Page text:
Memorial Record of Western Kentucky, Lewis Publishing Company, 1904, pp 704-707 [Carlisle]
JOHN MAHLON NICHOLS is a prominent practicing attorney of
Carlisle county, living in Bardwell. He has made his home here for eleven years, and he now occupies a prominent position as a representative of the legal fraternity. In this calling, where success is won through individual merit and where wealth and influence avail little or naught, he has steadily advanced, his success being due to his comprehensive understanding of the principles of jurisprudence, his careful preparation of cases and
his clear presentation of his case before court or jury.
Mr. Nichols was born upon a farm in Caldwell county, Kentucky, on Christmas day of 1846, and is a son of Jesse and Elizabeth (Wadlington) Nichols. His father was born in North Carolina and when a young man came to Kentucky. Here he married, and took up his abode in Caldwell county, where he lived for several years, removing thence in 1849 to Missouri. After a few months spent in that state, however, he returned to Kentucky, and took up his abode in what was
then Ballard county, in the town of Milburn. There he resided for about four years. On the expiration of that period he removed to a farm about eight miles south of Paducah in McCracken county, Kentucky, continuing the cultivation of his land for a number of years, until the death of his wife. He then took up his abode in Ballard county, living with a married daughter until his own demise,
which occurred about 1880, when he was eighty years of age.
Throughout his business career he had carried on general farming, and in all his business life so capably managed his affairs as to win prosperity, and was ever reliable, upright and energetic. His political support was given to the Democracy, and both he and his wife were devoted members of the Missionary Baptist church, doing all in their power to promote the growth and insure the success of
that religious organization. To this worthy couple were born the following children: William Presley, who was a public official in McCracken county and died when about sixty years of age; Robartus, who was killed while fighting for the southland in the Confederate army; Caroline, who died in early womanhood; Sallie, who is the wife of J. O. Harkless, of Ballard county, at whose home her father died;
James W., who is engaged in farming in Ballard county; Mary, or Mollie, as she was usually called, who died in early womanhood; Andrew, who died when about forty-seven years of age in Texas, where he was engaged in merchandising; and John Mahlon. In taking up the personal history of John M. Nichols we present to our readers the record of one of the most prominent and influential citizens of Carlisle county. Upon the home farm he was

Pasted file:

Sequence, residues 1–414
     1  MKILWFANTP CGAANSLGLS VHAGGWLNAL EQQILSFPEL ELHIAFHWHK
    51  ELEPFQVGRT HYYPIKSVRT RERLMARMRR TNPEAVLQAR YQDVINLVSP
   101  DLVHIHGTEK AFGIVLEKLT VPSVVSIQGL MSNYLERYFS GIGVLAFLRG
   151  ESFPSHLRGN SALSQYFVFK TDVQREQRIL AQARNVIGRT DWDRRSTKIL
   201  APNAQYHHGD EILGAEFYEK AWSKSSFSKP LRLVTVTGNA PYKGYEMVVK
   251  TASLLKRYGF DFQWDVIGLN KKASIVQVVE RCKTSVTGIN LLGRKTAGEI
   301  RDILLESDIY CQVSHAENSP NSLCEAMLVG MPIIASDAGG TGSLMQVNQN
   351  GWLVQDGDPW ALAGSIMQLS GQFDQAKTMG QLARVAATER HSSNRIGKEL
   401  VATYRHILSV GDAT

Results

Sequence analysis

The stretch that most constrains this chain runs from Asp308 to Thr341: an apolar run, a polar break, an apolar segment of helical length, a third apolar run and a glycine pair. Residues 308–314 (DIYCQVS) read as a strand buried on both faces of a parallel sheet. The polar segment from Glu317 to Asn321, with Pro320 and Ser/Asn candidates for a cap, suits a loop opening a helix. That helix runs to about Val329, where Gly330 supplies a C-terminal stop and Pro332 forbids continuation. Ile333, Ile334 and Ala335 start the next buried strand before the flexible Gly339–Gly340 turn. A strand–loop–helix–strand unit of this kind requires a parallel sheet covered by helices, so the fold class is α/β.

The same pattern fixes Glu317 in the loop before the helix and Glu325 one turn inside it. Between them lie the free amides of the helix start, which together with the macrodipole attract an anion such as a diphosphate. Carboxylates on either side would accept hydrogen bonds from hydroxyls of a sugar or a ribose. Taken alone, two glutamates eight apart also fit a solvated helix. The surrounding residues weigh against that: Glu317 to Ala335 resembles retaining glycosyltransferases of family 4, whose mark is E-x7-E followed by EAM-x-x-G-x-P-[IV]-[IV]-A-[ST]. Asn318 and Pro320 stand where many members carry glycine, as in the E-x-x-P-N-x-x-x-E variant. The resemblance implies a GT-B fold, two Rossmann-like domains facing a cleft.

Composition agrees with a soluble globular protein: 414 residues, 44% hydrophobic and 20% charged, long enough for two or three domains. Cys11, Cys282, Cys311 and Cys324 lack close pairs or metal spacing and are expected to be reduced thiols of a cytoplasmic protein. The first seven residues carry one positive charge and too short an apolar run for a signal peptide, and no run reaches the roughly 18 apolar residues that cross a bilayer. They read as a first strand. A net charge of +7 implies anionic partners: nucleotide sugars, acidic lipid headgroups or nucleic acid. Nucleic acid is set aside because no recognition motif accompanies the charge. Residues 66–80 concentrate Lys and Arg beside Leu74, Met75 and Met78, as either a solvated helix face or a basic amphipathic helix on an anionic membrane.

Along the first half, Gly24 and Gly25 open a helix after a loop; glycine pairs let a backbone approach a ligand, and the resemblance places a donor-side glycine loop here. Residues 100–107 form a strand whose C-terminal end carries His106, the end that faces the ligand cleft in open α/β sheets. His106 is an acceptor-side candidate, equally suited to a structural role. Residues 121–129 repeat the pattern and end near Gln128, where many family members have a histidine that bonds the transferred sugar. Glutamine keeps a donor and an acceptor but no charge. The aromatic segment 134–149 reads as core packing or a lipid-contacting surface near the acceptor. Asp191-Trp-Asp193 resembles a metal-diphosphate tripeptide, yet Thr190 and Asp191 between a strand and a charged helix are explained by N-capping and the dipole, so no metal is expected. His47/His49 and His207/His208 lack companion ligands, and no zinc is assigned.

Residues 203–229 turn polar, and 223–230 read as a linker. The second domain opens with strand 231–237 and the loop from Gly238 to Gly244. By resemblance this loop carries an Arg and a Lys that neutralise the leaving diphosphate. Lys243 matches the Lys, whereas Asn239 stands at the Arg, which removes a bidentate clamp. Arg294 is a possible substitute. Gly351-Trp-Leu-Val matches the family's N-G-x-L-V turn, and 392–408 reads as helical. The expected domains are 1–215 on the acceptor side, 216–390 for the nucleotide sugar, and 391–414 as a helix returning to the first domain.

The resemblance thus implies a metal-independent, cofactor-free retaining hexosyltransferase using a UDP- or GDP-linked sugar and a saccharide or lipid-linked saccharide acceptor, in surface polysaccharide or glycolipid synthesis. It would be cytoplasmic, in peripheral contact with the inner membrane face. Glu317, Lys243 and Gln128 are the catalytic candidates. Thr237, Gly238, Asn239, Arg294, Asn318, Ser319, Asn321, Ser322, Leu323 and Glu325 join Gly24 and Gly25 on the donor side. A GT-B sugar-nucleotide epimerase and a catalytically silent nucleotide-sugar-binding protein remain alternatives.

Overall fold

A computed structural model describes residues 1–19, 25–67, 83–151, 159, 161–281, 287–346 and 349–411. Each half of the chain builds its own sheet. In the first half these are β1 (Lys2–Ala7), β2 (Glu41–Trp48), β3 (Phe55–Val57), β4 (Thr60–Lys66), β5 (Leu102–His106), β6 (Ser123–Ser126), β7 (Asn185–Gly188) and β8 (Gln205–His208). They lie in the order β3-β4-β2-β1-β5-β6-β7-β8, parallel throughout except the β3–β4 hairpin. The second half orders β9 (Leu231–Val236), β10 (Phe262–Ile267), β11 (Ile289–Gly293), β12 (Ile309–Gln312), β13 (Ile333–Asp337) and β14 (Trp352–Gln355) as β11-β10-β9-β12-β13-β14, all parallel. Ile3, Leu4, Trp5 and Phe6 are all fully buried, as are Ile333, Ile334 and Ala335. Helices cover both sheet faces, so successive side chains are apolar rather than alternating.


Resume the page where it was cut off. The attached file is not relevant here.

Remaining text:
reared and in the district schools of the neighborhood acquired his literary education. Determining to make the practice of law his life work, he began the preparation for the bar when about twenty years of age in the office and under the direction of Z. W. Bugg, at Blandville, and in January, 1870, he was admitted to the bar. He began practice in Blandville and later was located at Wickliffe,
while since March, 1892, he has resided in Bardwell, and has here followed his chosen profession with success. He is a strong advocate with the jury and concise in his appeals before the court. In no profession is there a career more open to talent than is that of the law, and in no field of endeavor is here demand for more careful preparation, for more thorough appreciation of the absolute
ethics of the law or of the underlying principles which form the basis of all human rights and privileges. Unflagging application and intuitive wisdom, together with the determination to ever utilize the means at hand, are the concomitants which insure success and prestige in this great profession. Possessing all the requisite qualities of the able lawyer, Mr. Nichols has advanced to a prominent place at the Carlisle county bar, and this is indicated by
the large and representative clientage [sic] which is now his. In 1871 was celebrated the marriage of Mr. Nichols and Miss Joseph Foree, who was born and reared in Ballard county, Kentucky. To them have been born seven children; Jesse F., the eldest, was born in Blandville, Ballard county, November 16, 1872, pursued his preliminary education there and afterward attended the Kentucky
University; he studied law under the direction of his father, was admitted to the bar in 1893 and is now associated with his father in practice; in 1899 he married Miss Cora Washburn. Nora, the second member of the family, is now the wife of V. J. Law. Willie died at the age of three years. Agnes is the wife of Bert Weis. Andrew,
Sallie and Joseph, the last one being named for her mother, are still under the parental roof. Mr. Nichols gives his political support to the Democracy, and while he keeps well informed on the questions and issues of the day he has never been an active politician in the sense of office-seeking. However, his fellow townsmen chose him to represent the district composed of Ballard and Carlisle counties in the state legislature. He was elected in 1887 and proved a capable member of the house, but outside of this he has held no political offices, preferring to devote his time and attention to his chosen profession. He has won for himself very favorable criticism for the
careful and systematic methods which he has followed. He has excellent powers of concentration and application, and his retentive mind has often excited the surprise of his professional colleagues. As an orator he stands high, especially in the discussion of legal matters before the court, where his comprehensive knowledge of the law is manifest, and his application of legal principles
demonstrates the wide range of his professional requirements.